Genetic syndrome risk factors and individual nonsyndromic genetic mutations may also together contribute to an individual case of autism, and multiple nonsyndromic genetic mutations may also operate together (De Rubeis and Buxbaum 2015; Jiang et al. 2013; Lim et al. 2013; Murdoch and State 2013; Sanders et al. 2015), such that “each individual gene accounts for a small fraction of ASD” (Lim et al. 2013, p. 240). Combinations of CNVs also work together to cause ASD. For example, D’Angelo et al. (2015) reported that ASD was linked to both the CNV 16p11.2 BP4-BP5 duplication and the CNV 16p11.2 BP4-BP5 deletion. However, D’Angelo et al. (2015) found that those individuals who had the duplication of 16p11.2 BP4-BP5 also had many additional deleterious CNVs, but those with the 16p11.2 BP4-BP5 deletion did not have additional deleterious CNVs. This indicated that the duplication form had less damaging brain effects, because it required the presence of additional deleterious CNVs to produce a brain impairment that could yield ASD diagnostic symptoms.
Similarly, syndromic ASD brain impairment may be burdened by the additional deleterious effects of other gene variants. Wassink et al. (2014) studied syndromic ASD with FXS in relation to a low activity allele of the MAOA gene that is linked to impaired arousal regulation, aggression, impaired social communication skills, and cortical enlargement. Wassink et al. (2014) found that when individuals with syndromic ASD with FXS, idiopathic ASD, and FXS without ASD carried the low activity MAOA allele, all three groups had identical atypical increases in gray matter and white matter. Thus, the MAOA allele functioned identically in three different diagnoses—idiopathic ASD, ASD with FXS, and FXS alone.
Environmental Syndromic ASD Has Been Found with Varied Brain Impairments
There are fewer defined environmental ASD syndromes than genetic ASD syndromes, but there are numerous ASD environmental risk factors (Boukhris et al. 2015; Croen et al. 2011; Grabrucker 2013; Hviid et al. 2013; Lyall et al. 2014; Maramara et al. 2014; Ornoy et al. 2015; Rossignol et al. 2014; Schieve et al. 2014). Ornoy et al. (2015) reviewed ASD environmental risk factors and reported 17 significant prenatal, perinatal, and postnatal risk factors: maternal inflammation and immune activation, rubella, cytomegalovirus (CMV), influenza, fever, diabetes, folic acid deficiency, toxoplasmosis; exposure to ethanol, cocaine, valproic acid, misoprostol, thalidomide, antidepressant serotonin reuptake inhibitors (SSRIs); and exposure to pesticides, insecticides, and air pollution. Also, Maramara et al. (2014) found 15 significant ASD prenatal, perinatal, and postnatal risk factors in a single study sample: father’s age, mother’s age, maternal drug and alcohol use, maternal hypertension during pregnancy, gestational diabetes, vaginal bleeding, cesarean section, prematurity, induced labor, prolonged labor, lack of infant oxygen during delivery, low birth weight, newborn jaundice, and newborn infection.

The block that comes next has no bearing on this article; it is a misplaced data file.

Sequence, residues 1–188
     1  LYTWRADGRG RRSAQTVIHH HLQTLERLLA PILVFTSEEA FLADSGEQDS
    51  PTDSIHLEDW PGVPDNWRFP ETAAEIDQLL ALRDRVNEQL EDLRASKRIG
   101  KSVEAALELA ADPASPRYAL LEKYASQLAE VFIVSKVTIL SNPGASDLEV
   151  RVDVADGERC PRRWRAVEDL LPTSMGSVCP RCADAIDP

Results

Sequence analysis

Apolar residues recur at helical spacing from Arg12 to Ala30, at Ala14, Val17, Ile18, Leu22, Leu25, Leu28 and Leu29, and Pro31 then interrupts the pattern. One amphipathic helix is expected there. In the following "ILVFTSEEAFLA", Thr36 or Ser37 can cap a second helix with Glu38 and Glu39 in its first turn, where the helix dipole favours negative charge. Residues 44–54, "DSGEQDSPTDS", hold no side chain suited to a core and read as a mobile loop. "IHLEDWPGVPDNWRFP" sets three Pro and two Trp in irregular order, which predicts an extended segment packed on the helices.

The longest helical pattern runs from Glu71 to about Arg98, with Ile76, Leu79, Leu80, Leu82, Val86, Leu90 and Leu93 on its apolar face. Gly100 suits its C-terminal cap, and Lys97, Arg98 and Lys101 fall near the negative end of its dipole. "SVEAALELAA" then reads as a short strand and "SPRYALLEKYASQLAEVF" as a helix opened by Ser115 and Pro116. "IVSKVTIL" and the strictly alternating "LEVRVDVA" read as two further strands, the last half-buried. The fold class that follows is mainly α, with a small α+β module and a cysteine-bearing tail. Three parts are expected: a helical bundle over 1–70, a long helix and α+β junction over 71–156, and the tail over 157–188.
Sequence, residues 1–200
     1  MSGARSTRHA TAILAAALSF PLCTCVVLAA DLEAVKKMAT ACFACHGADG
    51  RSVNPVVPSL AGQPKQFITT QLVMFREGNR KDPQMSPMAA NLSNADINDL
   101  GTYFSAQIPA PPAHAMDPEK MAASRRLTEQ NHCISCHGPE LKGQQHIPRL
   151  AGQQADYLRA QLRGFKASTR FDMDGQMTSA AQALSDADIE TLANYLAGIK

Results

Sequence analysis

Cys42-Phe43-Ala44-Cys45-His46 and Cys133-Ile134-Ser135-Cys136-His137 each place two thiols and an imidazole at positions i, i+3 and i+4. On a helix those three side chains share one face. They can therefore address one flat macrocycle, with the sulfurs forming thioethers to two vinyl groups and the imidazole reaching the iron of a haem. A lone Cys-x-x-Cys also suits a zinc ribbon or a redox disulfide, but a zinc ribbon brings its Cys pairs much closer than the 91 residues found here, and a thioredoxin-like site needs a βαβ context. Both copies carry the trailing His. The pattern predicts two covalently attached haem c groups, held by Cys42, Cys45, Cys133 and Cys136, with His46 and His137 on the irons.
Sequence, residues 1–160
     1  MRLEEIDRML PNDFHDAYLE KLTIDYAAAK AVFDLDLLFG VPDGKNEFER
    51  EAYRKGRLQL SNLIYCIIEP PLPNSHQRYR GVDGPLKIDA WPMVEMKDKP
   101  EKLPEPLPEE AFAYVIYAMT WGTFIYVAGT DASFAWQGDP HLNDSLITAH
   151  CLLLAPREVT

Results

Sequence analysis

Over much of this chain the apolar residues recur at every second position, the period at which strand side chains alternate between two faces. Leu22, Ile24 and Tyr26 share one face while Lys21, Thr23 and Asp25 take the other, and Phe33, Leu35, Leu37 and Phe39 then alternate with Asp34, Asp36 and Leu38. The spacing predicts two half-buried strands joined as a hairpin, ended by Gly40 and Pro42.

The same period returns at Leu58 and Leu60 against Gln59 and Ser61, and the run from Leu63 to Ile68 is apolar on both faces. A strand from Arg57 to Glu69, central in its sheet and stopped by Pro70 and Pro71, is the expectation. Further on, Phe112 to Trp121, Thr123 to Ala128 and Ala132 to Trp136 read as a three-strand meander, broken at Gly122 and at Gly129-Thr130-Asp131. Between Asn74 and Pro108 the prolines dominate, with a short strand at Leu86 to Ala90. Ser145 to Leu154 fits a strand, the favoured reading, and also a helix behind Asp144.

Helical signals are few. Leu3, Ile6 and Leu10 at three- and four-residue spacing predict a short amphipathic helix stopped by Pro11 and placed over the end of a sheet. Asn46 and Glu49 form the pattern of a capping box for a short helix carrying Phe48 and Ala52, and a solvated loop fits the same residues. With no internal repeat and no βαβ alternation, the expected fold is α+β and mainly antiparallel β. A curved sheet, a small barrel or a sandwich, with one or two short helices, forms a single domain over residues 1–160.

Though not every ASD environmental risk factor is identified as a syndrome, many environmental syndromes have been identified. For example, Roullet et al. (2013) reported that ASD was seven times more frequent in infants born to mothers who took valproic acid during their first trimester to control epilepsy, or as a mood stabilizer for bipolar disorder. Children with fetal valproate syndrome (FVS) who express ASD symptoms are likely to have ID, microcephaly, and varied other physical disabilities. In addition, children with fetal alcohol syndrome (FAS) have also expressed ASD symptoms (Stevens et al. 2013). FAS is found with an atypically smaller brain, and an impaired, or atypically small, or missing corpus callosum.
Kuzniewicz et al. (2014) reported that ASD is associated with prematurity, and the risk of ASD increases with decreasing gestational age at birth: the rate of ASD was three times higher in infants born at less than 27 weeks gestational age. Kuzniewicz et al. (2014) also reported that intracranial hemorrhage (ICH) in premature infants was also associated with a higher rate of ASD.
Even pollution has been linked to ASD. Kalkbrenner et al. (2014) theorized that five chemicals contributed to ASD by disrupting endocrine system development: polychlorinated biphenyls (PCBs), flame retardants, nonstick chemicals, bisphenol A (BPA), and phthalates. However, pollution risk findings have been variable. Boggess et al. (2016) pooled heavy metals and organic pollutants into a single variable of xenobiotic exposure and reported that xenobiotic exposure level correlated with severity of ASD communication impairment (p = .02) and ASD social impairment severity (p = .05). Conversely, Guxens et al. (2015) found no link between prenatal air pollution and ASD in a study of 8000 children.
Volk et al. (2014), however, demonstrated that if individuals homozygous for the C allele of the MET gene were exposed to air pollution, they had an increased ASD risk rate of 2.9 (1.0–10.6). The C allele of the MET gene reduces gene transcription by 50 %, disrupting the brain’s structural networks, resting state connectivity, and social-emotional information processing. The process by which the C allele of the MET gene reduces gene transcription is likely to be further disrupted by the xenobiotics in air pollution. This and other gene variant-environment interaction findings suggest that xenobiotics may add to existing genetic vulnerability.
Evidence indicates that many varied brain impairments cause syndromic ASD diagnostic symptoms, thus providing no neurobiological validity for ASD.